Agtech Advancements: A New View

By Jonah Kolb

If we think about ag technologies emerging in the marketplace today, the vast majority focus on efficiency gain:  more yield with fewer inputs. When we listen to farmers, we hear that agtech has a lot of stand-alone tools that don’t connect and systems don’t “talk” to each other. Sometimes that seems a far-cry from the “disruptive technology” that will “change the future of agriculture” that the media loves to talk about.

True disruption happens when new entrants to an industry bring about rapid change.

If we think about ag technologies emerging in the marketplace today, the vast majority focus on efficiency gain:  more yield with fewer inputs. When we listen to farmers, we hear that agtech has a lot of stand-alone tools that don’t connect and systems don’t “talk” to each other. Sometimes that seems a far-cry from the “disruptive technology” that will “change the future of agriculture” that the media loves to talk about.  True disruption happens when new entrants to an industry bring about rapid change.

What will it take for us to move faster and to have truly disruptive and connected technology? It takes three basic things: technological efficacy (it has to work), a compelling value proposition (value needs to be created and then shared with the farmer), and behavioral change (not just farmers, but the industry as a whole).

But at the same time, we have to rethink the farmer adoption path from the typical efficiency-minded “field view” approach of yield and input, and start incorporating a “counterparty view” where farmers’ broader business relationships with other business partners are incorporated. We need to see farmers as high-functioning business owners who require high-performing peers operating under similar norms and expectations.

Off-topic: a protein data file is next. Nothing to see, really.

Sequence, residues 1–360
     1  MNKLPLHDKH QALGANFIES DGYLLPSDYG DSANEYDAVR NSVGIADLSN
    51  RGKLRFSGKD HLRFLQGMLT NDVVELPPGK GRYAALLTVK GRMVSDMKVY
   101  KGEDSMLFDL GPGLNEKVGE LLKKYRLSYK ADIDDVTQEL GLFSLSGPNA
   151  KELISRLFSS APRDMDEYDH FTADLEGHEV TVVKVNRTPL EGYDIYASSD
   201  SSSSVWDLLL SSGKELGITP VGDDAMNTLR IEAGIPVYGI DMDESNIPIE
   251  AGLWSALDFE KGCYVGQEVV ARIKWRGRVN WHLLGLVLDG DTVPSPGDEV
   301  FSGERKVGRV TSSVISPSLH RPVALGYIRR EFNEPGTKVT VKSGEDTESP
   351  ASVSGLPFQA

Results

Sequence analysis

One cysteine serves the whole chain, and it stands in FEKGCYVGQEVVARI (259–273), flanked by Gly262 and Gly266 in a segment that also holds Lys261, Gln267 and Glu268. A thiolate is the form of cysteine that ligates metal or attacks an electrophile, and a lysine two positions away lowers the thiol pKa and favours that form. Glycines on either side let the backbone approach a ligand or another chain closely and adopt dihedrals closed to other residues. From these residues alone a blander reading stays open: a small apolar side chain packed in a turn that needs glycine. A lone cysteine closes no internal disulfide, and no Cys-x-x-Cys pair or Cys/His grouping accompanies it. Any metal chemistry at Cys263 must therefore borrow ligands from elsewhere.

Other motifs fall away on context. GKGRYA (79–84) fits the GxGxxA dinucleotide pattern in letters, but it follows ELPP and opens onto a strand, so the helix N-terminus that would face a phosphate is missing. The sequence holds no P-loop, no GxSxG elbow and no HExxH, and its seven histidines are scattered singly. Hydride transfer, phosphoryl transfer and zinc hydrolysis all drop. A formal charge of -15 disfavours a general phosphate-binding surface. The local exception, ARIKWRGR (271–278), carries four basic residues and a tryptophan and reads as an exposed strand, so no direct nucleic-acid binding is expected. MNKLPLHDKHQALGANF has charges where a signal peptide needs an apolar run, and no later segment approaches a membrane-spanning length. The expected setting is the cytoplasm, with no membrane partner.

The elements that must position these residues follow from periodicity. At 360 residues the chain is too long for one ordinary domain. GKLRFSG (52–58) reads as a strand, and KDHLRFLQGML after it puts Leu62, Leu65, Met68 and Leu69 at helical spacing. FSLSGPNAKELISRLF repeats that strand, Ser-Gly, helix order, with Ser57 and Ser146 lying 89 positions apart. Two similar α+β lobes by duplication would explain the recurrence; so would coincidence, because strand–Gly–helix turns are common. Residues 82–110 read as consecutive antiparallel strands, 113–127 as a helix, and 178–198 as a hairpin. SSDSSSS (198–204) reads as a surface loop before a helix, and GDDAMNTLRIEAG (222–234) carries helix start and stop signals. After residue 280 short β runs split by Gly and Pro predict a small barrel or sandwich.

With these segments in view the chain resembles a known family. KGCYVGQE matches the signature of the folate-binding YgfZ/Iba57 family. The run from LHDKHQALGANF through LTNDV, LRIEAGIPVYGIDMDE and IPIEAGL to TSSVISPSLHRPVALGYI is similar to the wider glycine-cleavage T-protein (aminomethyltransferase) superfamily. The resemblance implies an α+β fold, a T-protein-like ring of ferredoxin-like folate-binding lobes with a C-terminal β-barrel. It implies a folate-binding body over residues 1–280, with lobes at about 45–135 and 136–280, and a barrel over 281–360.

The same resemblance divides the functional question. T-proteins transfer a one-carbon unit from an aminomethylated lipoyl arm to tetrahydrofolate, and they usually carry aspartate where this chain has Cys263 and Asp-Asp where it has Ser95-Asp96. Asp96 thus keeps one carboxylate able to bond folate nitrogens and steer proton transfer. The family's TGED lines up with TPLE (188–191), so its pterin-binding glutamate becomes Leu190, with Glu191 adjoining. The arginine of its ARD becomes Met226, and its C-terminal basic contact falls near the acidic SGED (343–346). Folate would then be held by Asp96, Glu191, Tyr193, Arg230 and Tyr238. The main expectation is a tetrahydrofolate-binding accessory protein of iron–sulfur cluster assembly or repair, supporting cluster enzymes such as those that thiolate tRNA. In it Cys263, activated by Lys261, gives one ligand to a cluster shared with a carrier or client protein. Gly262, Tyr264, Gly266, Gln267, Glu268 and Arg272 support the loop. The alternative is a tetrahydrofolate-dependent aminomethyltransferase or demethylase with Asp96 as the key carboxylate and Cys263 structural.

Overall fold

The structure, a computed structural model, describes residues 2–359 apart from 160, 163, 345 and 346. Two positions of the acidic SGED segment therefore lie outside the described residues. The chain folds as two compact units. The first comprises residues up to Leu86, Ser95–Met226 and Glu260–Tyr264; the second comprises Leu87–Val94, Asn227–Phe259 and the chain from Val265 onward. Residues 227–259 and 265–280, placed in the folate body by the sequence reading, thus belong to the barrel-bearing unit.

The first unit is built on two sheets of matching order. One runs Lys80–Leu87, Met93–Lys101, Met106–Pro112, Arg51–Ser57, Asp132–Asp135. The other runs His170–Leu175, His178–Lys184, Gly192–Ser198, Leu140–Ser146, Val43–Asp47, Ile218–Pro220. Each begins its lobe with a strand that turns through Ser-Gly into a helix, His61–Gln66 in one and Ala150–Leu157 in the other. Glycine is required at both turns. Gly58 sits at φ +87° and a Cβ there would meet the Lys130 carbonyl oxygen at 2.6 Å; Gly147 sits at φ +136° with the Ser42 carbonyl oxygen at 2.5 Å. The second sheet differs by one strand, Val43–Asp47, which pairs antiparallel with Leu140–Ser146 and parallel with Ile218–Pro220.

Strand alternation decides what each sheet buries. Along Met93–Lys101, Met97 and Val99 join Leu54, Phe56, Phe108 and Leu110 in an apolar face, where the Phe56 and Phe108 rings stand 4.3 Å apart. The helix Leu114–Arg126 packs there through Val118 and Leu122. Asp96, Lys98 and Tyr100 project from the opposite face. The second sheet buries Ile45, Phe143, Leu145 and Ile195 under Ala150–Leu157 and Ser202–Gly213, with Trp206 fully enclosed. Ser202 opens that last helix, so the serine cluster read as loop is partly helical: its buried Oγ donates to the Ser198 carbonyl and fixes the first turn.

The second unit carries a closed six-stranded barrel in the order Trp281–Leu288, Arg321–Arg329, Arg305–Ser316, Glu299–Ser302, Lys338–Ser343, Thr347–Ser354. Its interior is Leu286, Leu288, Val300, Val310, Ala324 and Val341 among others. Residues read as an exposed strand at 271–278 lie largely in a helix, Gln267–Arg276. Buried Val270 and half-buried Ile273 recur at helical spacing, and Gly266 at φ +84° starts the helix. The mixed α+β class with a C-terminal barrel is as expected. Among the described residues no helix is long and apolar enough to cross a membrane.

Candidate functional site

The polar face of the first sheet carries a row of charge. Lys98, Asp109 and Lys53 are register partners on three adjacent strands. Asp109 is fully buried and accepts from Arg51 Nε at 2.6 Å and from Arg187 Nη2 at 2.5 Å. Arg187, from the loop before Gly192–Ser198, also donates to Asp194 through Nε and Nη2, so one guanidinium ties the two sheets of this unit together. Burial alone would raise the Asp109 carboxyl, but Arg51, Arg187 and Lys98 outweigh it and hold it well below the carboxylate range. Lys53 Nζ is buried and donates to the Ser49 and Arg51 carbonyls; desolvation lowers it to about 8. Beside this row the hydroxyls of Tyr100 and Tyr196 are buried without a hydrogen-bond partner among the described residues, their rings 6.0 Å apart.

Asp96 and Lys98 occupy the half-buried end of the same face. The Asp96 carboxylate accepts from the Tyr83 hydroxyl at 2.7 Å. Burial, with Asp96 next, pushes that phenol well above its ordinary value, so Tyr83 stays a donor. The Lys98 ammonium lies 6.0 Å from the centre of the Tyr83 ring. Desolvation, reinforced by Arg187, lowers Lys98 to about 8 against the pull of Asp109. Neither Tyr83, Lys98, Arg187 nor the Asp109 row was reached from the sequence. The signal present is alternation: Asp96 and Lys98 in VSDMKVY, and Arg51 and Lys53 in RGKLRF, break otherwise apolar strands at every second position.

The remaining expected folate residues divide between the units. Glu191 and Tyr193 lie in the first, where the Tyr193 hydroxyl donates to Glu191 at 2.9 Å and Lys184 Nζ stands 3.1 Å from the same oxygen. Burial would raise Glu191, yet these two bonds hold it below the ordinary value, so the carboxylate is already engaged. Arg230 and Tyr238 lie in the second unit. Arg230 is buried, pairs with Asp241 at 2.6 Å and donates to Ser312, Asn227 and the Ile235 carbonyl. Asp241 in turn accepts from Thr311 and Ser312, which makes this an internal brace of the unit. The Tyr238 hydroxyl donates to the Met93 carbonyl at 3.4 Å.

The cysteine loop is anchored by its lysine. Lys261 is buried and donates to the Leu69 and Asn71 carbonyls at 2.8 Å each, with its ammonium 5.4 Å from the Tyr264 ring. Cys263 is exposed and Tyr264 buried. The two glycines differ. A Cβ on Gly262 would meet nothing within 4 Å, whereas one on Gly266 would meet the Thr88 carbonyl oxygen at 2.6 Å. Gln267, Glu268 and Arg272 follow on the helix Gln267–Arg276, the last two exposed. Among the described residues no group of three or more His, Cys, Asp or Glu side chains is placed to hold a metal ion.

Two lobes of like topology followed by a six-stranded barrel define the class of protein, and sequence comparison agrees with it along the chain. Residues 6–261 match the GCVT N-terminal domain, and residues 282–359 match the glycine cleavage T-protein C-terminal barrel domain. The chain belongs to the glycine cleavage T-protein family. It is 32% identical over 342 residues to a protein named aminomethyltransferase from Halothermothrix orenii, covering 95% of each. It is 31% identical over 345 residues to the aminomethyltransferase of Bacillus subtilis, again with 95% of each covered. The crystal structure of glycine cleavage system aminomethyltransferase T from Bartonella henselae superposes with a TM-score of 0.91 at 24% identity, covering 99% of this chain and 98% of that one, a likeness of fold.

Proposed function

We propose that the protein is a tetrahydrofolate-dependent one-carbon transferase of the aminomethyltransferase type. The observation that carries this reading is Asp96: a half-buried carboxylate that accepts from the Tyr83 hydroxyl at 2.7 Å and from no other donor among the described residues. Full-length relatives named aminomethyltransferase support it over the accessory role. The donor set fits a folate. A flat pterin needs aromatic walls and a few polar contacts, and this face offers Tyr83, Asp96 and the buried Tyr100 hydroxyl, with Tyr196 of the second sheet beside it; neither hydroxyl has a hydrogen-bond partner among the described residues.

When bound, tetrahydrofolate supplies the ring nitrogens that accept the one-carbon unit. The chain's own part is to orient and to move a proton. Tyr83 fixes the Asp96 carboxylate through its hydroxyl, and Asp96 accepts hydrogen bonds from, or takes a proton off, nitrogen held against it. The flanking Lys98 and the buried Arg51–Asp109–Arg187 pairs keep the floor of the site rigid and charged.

Agtech Advancements: A New View

Instead of thinking about optimizing the 4Rs through AI-enabled software (that’s happening), or improving machinery and labor costs with automous vehicles (that’s happening too), agtech needs to consider broader applications and value for farmers through these business partners.

When agtech unlocks a banking relationship and lower interest rate by demonstrating in-field profitability, a farmer wins.

When agtech lowers an insurance premium by demonstrating yields and practices better than the rest, a farmer wins.

When agtech verifies the stewardship of a farm operation to a landowner considering a new tenant, a farmer wins.

Yes, yield and input efficiency are and should be focuses of agtech, but the value of improving relationships with a farmer’s business partners, his “counterparties,” should not be overlooked.  That too, is the future of ag.

Jonah Kolb is a partner at Moore & Warner Ag Group in Clinton, Illinois, where he works in farmland investing, management and consulting on agribusiness and agtech. From 2018 – 2019, he served as an advisor and consultant to the Illinois Soybean Association.